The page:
And if you want some insta-pretty (no crafting required) check out these glass rose votive/tea-light holders. (I have resisted buying any so far, because we can't handle more knick knacks, but I'm very tempted.)
Dollarama stock photo.
Finally, I check out the garden section, where there is a seemingly endless supply of cute animals that can be spray painted and turned into chic book ends and that sort of thing. My house is turning into a menagerie. No joke.
Lion photos by the crafty lady over at Sweetsuite10. Check out her blog for DIY instructions.
I love Dollarama. I really do. But I truly feel guilty about it. In fact, I semi-hate myself... but I just can't stop shopping there. I'm addicted.
Is there a Dollarama addicts support group? Anyone? Anyone?
P.S. What's wrong with Dollarama? Well, I haven't done a LOT of research, but it's pretty safe to assume that many of their products, like those at Wal-Mart, are produced in sweat shop conditions, quite possibly by child labour. This is exactly the opposite of the sort of thing I would like to support with my consumer dollars... Sigh.
So... I'm a little OCD.
Okay, I'm more than a little OCD. But it's not that bad.
I don't have OCD in that amusing "I'm such an organized perfectionist!" sort of way. Rather, I am obsessive in the l "I lie awake all night worrying" sort of way, and compulsive in the "it's 3am and I MUST scrub down the cabinets" sort of way. Neither of which is a good.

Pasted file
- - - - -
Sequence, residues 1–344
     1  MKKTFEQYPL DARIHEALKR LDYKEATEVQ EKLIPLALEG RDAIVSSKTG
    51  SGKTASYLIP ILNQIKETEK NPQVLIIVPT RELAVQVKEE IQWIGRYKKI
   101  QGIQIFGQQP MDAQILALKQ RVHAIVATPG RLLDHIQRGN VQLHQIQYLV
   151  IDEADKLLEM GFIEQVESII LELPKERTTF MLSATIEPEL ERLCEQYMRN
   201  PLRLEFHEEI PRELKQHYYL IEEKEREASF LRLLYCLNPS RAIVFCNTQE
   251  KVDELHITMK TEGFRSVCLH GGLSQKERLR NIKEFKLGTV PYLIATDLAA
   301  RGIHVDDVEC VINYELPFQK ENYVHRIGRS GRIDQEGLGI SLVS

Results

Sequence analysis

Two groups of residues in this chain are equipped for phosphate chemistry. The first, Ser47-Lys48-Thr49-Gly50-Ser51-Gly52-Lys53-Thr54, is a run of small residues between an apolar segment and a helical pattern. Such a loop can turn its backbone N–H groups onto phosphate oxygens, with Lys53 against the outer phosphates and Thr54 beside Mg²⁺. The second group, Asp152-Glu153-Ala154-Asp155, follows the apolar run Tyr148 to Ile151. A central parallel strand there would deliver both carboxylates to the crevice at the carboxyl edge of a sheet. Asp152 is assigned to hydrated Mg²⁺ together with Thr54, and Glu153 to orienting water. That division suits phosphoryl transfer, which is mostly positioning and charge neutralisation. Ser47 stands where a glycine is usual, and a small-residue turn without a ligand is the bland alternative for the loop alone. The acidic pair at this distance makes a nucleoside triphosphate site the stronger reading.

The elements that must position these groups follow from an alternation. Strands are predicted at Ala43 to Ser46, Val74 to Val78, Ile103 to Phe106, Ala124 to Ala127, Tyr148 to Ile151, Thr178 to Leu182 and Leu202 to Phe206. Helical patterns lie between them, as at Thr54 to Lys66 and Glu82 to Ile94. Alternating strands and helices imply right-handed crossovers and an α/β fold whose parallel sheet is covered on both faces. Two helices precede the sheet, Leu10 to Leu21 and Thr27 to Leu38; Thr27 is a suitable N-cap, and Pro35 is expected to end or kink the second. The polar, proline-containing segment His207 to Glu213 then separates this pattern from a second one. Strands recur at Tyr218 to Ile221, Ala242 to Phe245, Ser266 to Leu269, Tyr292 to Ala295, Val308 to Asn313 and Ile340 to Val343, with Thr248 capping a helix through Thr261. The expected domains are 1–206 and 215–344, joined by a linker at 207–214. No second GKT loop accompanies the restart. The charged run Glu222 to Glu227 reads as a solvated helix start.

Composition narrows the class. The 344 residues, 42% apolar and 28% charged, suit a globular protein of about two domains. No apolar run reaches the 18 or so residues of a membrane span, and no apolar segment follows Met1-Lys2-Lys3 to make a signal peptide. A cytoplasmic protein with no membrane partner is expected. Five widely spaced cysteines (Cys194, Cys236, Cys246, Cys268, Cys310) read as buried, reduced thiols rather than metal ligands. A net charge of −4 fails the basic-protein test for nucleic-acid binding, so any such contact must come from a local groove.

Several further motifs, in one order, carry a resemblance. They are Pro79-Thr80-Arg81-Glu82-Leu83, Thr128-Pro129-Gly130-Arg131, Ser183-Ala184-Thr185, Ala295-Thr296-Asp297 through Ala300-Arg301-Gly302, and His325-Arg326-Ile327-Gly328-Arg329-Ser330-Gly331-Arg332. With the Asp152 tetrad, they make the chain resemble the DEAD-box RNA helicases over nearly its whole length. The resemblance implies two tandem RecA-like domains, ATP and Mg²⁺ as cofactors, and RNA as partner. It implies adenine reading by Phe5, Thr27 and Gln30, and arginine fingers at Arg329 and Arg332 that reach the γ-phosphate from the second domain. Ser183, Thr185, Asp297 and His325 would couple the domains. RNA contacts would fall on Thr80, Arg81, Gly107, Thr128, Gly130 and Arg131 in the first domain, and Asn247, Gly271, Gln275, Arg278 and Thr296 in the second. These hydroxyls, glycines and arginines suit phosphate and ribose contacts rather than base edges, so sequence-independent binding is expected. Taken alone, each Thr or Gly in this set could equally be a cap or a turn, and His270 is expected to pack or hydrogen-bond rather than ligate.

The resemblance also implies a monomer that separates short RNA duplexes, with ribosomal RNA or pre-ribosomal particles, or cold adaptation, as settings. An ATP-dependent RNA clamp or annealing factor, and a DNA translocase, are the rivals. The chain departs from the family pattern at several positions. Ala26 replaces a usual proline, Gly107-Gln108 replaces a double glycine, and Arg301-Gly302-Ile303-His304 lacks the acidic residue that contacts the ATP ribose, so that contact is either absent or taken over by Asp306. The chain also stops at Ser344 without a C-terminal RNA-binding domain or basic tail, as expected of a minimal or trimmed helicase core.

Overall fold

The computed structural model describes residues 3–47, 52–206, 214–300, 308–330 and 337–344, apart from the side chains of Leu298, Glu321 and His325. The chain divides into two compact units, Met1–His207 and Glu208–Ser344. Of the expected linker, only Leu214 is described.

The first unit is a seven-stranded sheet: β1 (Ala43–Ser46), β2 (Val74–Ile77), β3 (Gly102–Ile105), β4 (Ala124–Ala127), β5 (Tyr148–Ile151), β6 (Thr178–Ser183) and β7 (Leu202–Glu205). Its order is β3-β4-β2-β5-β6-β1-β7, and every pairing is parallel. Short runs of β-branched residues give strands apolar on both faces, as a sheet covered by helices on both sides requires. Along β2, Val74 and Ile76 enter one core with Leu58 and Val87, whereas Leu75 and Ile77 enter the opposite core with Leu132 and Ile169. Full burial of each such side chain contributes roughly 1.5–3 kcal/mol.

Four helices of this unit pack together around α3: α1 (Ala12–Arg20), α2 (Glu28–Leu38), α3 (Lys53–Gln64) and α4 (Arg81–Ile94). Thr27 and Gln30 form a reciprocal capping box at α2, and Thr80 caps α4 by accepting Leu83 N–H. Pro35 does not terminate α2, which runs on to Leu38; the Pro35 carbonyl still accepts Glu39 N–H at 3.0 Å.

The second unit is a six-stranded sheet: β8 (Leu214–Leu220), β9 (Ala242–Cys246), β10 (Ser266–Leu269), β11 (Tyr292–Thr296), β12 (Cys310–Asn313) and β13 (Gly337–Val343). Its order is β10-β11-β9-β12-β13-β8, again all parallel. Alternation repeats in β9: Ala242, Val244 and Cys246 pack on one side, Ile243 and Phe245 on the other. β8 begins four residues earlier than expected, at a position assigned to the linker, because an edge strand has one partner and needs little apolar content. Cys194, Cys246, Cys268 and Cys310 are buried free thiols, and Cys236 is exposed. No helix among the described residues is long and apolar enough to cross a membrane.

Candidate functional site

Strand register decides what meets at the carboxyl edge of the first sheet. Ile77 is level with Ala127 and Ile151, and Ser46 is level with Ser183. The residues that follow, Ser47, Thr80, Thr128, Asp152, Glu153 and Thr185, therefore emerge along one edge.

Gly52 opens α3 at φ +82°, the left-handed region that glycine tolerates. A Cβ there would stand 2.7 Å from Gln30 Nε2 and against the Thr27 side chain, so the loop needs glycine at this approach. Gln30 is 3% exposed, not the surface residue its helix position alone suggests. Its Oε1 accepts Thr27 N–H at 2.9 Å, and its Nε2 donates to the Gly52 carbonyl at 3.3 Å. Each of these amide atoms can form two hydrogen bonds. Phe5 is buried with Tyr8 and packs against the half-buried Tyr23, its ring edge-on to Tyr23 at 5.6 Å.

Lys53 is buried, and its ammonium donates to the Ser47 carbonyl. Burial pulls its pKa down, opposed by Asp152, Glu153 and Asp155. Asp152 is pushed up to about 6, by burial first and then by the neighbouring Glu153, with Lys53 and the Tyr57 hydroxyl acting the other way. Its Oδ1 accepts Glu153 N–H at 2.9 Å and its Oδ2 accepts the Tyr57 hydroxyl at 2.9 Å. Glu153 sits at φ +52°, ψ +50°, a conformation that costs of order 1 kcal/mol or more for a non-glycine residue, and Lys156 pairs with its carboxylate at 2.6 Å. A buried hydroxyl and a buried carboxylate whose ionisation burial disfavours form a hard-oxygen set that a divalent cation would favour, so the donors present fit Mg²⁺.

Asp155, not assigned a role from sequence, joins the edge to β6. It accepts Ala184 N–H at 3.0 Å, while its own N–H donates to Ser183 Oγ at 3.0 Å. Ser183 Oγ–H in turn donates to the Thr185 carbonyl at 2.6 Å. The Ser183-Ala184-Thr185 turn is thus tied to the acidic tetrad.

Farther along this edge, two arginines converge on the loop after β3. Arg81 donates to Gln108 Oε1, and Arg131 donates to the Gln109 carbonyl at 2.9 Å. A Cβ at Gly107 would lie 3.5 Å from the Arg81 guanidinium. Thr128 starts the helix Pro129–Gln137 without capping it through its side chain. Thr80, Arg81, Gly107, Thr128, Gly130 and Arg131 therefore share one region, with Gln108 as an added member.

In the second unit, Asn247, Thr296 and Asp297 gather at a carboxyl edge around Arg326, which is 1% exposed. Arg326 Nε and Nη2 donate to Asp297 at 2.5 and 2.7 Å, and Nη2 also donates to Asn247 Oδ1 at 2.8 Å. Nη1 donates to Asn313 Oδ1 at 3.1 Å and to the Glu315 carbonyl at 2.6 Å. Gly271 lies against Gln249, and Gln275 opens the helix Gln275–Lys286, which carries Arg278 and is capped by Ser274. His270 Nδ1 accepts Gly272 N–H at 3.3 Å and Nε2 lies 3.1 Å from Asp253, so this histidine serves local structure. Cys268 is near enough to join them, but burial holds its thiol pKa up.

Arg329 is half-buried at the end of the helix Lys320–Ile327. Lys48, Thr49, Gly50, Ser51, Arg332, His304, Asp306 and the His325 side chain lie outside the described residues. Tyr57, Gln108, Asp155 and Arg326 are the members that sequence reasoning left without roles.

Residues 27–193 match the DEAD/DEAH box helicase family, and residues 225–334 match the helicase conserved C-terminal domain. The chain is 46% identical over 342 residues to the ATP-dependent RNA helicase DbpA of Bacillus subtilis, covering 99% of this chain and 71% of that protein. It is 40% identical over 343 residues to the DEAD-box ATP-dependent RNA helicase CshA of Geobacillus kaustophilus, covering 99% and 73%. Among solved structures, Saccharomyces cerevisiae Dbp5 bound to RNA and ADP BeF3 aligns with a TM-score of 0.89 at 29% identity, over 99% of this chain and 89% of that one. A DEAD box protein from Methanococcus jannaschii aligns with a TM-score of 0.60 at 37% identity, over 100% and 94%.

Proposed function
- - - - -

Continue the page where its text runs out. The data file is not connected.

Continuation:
But it could be a lot worse, so I try not to complain about it.
Here's the latest thing I'm obsessing about: making everything in my kitchen cabinets "match."
Remember back when I blogged about French bistro glasses? Well, since then, I've converted nearly all my glassware to matching, bistro-style sets. The only glasses in my cabinet that aren't faceted are the wine glasses.
And it's bothering me.
So I'm thinking of getting new wine glasses. (Even though I hardly use the ones I have and there's not a thing wrong with them anyway.)
I'm considering these new Pokal ones, from IKEA:
I should confess that already (just last week, in fact) I indulged in a set of six teeny weenie shot-sized bistro glasses that I absolutely didn't need.
Of course, I didn't HAVE six matching shot glasses already. And the set (also IKEA) was only $2.99. So I felt semi-justified... but ... BUT ...
Would getting the wine glasses be going too far? Would the all-matching, all-faceted look even be a good thing? Or am I being too obsessive again?
P.S. Happy Leap Day! ;)
So I was flipping through the March issue of Toronto Life the other day (which is NOT a favourite magazine, but my subscription was dirt cheap) when I came across the following picture and associated feature in the Navigator/Great Spaces section:
Photo of the Pilosof home taken by Michael Graydon, featured in Toronto Life, March 2012.
I saw it and I thought, "Hmmm... I recognize that banquette. AND that light fixture. Isn't this a Sarah Richardson space?"
But then I looked at the rest of the photos and thought, "No way. This is NOT Sarah's style."
Check out the other half of the living room:
Photo of the Pilosof home taken by Michael Graydon, featured in Toronto Life, March 2012.
Sorry about the seam. I had to scan these pages.
Anyway, a little research reveals that I was right! That IS a Sarah Richardson banquette, and the space was formerly featured on Richardson's old show, Design Inc.